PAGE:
Bartonella quintana: Also called Rochalimaea quintana, this microorganism is an unusual rickettsia that can multiply within the gut of the body louse and then can be transmitted to humans. Transmission to people can occur by rubbing infected louse feces into abraded (scuffed) skin or into the conjunctivae (whites of the eyes).
Bartonella quintana (B. quintana) is the cause of trench fever, a disease that was first recognized in the trenches of World War I, when it is estimated to have affected more than a million people in Russia and on the fronts in Europe. Trench fever was again a major problem in the military in World War II and is seen endemically in Mexico, Africa, E. Europe, and elsewhere.
Urban trench fever occurs among the homeless people and people with alcoholism today. Outbreaks have been documented, for example, in Seattle, Baltimore (among injection-drug users), Marseilles (France) and Burundi.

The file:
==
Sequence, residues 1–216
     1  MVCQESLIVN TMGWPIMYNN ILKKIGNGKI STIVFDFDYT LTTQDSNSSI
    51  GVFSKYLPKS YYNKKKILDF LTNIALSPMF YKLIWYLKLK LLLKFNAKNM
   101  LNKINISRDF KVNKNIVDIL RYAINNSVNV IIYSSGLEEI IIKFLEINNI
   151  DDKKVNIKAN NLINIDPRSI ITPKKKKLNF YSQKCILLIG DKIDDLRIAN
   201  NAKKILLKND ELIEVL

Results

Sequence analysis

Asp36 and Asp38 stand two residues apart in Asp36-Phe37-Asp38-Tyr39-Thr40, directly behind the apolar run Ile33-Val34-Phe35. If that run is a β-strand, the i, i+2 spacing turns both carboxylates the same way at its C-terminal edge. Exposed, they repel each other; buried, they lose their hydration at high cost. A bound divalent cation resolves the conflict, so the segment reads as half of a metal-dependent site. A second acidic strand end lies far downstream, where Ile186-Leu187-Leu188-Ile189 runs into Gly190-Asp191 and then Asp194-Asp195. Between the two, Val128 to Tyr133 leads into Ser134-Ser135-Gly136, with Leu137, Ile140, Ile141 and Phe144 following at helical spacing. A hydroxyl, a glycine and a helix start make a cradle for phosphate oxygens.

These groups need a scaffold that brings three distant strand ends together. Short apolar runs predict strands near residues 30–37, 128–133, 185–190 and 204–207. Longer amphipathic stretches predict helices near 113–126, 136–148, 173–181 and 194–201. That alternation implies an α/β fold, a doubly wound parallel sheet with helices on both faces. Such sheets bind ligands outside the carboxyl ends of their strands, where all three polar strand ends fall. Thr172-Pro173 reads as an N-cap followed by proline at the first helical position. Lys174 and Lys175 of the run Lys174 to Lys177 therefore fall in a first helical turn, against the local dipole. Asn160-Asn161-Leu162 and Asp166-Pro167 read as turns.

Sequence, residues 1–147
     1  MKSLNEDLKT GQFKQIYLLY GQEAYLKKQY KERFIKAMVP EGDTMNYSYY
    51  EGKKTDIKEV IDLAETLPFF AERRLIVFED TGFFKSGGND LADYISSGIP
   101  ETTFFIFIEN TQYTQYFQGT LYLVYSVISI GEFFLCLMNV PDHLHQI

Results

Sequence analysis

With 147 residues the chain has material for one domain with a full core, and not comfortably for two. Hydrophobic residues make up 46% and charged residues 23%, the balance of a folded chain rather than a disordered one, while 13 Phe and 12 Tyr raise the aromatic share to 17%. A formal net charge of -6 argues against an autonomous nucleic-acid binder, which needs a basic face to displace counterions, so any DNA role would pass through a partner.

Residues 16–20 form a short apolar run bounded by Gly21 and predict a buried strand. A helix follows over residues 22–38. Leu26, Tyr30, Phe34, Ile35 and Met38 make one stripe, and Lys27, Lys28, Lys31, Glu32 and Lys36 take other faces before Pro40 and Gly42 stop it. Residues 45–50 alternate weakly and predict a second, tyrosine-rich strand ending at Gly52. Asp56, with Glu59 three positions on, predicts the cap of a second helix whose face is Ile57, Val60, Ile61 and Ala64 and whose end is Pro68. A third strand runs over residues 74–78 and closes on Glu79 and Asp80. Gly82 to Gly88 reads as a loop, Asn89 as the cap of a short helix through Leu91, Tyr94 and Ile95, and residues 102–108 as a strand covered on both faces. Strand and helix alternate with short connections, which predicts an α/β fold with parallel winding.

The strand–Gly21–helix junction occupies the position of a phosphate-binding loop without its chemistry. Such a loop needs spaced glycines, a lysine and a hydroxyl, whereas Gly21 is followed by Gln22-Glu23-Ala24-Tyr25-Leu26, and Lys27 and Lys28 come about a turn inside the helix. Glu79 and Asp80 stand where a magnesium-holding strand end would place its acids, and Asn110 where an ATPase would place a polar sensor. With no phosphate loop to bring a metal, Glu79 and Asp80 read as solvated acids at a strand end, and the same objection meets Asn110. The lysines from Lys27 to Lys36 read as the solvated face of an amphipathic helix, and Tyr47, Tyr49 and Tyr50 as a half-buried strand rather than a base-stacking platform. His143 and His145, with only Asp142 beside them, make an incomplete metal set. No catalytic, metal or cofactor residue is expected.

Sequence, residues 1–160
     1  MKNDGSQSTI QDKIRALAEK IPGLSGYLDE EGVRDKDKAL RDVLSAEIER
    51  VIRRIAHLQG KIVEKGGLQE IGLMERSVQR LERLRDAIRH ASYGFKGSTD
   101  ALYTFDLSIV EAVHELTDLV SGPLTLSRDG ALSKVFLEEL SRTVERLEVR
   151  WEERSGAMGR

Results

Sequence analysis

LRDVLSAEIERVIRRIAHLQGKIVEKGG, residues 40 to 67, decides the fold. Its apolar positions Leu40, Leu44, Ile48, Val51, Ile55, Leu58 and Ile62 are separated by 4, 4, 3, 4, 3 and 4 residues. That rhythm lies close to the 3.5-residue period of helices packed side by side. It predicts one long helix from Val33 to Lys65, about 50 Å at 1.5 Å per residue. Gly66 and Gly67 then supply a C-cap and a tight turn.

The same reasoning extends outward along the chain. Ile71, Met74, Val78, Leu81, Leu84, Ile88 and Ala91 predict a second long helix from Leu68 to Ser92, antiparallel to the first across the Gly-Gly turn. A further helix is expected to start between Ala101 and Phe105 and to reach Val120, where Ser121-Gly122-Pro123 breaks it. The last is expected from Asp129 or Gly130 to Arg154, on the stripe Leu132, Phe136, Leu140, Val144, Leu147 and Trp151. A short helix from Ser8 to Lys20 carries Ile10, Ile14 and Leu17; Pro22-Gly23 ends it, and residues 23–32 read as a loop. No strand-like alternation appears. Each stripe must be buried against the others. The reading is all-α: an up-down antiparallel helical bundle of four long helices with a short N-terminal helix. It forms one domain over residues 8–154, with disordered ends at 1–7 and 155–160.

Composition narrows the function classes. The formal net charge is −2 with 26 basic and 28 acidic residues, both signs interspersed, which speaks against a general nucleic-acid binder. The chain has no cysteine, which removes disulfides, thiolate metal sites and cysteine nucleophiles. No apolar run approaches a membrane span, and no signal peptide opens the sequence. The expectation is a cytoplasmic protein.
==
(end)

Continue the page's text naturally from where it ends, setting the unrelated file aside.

The fever of trench fever is classically a 5-day fever ("quintan fever"). The onset of symptoms is sudden with high fever, severe headache, back pain and leg pain and a fleeting rash.
Recovery takes a month or more. Relapses are common.
It is now clear, that at least in its urban form among the homeless, trench fever can cause bloodstream infection (bacteremia) associated with nonspecific symptoms or no symptoms (New England Journal of Medicine 340: 184-189, 1999).
B. quintana also has been found responsible for a disease called bacillary angiomatosis in people infected with HIV and for infection of the heart and great vessels (endocarditis) with bloodstream infection (bacteremia). The full spectrum of disease caused by B. quintana is still unfolding.